What to Look for in a Shelter

Has the shelter been tested and approved? Some manufacturers “say” their shelter can withstand an EF5 tornado, even though the unit has not been tested by the Texas Tech Wind Science & Engineering Research Center to meet FEMA standards.

Does the anchoring bolt system provide at least 45,000 lb hold down? Some use standard grade anchors that do NOT provide adequate protection from the immense lifting force of a tornado.

Does the shelter door use standard door locks that do not meet FEMA standards? Many do, but the Hide-Away™ uses three separate locking bolts, that are one inch in diameter, for superior locking and protection.

Does the shelter fold to within 19” of a wall when not in use, and do you need to have a large portion of a concrete slab dedicated to the shelter?

What grade bolts are used to hold the components together? Some use grade 8, which is brittle and can shatter. The Hide-Away uses grade 5 bolts, which is less subject to shattering, and are tested to meet FEMA standards for protection against an EF5 tornado.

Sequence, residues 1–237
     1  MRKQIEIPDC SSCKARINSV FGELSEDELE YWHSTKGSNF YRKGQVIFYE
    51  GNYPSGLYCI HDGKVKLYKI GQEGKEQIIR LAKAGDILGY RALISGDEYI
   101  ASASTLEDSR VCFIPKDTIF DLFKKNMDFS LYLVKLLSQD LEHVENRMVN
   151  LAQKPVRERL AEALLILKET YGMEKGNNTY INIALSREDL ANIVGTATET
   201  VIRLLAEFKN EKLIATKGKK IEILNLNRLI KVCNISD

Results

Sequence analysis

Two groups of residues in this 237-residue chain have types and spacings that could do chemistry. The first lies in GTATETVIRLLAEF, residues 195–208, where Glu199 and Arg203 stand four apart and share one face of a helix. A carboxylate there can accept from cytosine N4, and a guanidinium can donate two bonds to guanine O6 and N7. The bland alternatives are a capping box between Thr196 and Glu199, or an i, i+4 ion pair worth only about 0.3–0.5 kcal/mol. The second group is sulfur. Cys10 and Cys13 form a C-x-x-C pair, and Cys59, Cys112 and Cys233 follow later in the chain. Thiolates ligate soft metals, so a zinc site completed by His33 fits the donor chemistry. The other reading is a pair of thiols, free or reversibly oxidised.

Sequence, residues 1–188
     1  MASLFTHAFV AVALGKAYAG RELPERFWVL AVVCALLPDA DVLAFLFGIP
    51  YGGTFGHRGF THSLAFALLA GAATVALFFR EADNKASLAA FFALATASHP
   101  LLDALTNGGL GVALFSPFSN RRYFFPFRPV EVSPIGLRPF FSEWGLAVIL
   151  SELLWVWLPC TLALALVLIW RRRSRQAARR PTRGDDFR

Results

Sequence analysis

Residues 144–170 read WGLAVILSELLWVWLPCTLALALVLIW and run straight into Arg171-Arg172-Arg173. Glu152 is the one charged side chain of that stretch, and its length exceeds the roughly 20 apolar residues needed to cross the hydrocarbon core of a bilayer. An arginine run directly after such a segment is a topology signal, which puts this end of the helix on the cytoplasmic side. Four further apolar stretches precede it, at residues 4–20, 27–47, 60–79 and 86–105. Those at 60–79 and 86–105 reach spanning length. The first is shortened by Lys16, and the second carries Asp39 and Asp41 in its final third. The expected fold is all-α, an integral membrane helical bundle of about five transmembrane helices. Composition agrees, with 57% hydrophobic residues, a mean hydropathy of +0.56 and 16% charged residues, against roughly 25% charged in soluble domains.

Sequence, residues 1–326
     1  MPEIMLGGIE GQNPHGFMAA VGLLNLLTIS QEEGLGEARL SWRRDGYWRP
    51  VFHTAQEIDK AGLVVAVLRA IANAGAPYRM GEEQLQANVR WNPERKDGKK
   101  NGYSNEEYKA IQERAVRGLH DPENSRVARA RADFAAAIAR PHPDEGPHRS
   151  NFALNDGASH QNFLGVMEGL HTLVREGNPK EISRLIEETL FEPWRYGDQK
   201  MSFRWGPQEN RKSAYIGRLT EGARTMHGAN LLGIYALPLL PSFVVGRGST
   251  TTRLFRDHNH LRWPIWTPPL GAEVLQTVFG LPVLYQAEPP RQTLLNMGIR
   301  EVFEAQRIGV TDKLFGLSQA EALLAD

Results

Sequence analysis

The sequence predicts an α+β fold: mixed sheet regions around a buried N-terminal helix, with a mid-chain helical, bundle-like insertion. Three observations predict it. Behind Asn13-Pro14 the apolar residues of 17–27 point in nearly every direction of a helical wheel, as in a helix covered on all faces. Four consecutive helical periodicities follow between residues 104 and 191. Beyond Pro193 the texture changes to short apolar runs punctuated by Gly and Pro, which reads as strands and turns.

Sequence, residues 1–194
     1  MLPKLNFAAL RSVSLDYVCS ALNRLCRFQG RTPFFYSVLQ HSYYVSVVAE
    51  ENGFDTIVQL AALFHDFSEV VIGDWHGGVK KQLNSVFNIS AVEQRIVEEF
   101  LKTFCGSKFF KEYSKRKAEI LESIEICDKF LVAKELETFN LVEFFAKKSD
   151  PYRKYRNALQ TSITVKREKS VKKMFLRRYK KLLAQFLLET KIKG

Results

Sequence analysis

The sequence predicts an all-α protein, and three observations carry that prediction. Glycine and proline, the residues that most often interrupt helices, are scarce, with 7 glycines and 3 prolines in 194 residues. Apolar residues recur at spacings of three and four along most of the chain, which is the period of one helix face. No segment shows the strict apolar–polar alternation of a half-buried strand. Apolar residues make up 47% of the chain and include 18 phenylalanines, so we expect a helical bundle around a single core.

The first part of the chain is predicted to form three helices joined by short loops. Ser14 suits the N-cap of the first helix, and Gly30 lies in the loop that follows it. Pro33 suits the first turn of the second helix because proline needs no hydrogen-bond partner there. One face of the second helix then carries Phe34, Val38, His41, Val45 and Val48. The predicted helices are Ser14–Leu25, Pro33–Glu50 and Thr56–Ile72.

How thick is the steel used in the walls, and has it been tested by Texas Tech to meet FEMA guidelines? The Hide-Away™ uses .250” thick, grade 50 steel. Some use a lighter 3/16” (.188”), or 10 gauge (.134”) thick, lesser-grade steel.

Does the shelter have 2” x 2” steel internal support structure tested and approved to meet FEMA standards? Some are just “C” channel with thin skins welded over them.

Is the shelter finish a high quality powder coated finish? Some use inferior paint that will chip, scratch and rust more easily.

Is a “Ballistic” proof option available?

Is the manufacturer’s warranty for the shelter 5 years? Some are only 1 year, some have none. Read the fine print.

Is the shelter wheelchair accessible? Most are not.

Does the manufacturer offer professional installation of the shelter? Many are DIY only.

Is the shelter made in a state of art manufacturing facility, or in someone’s garage?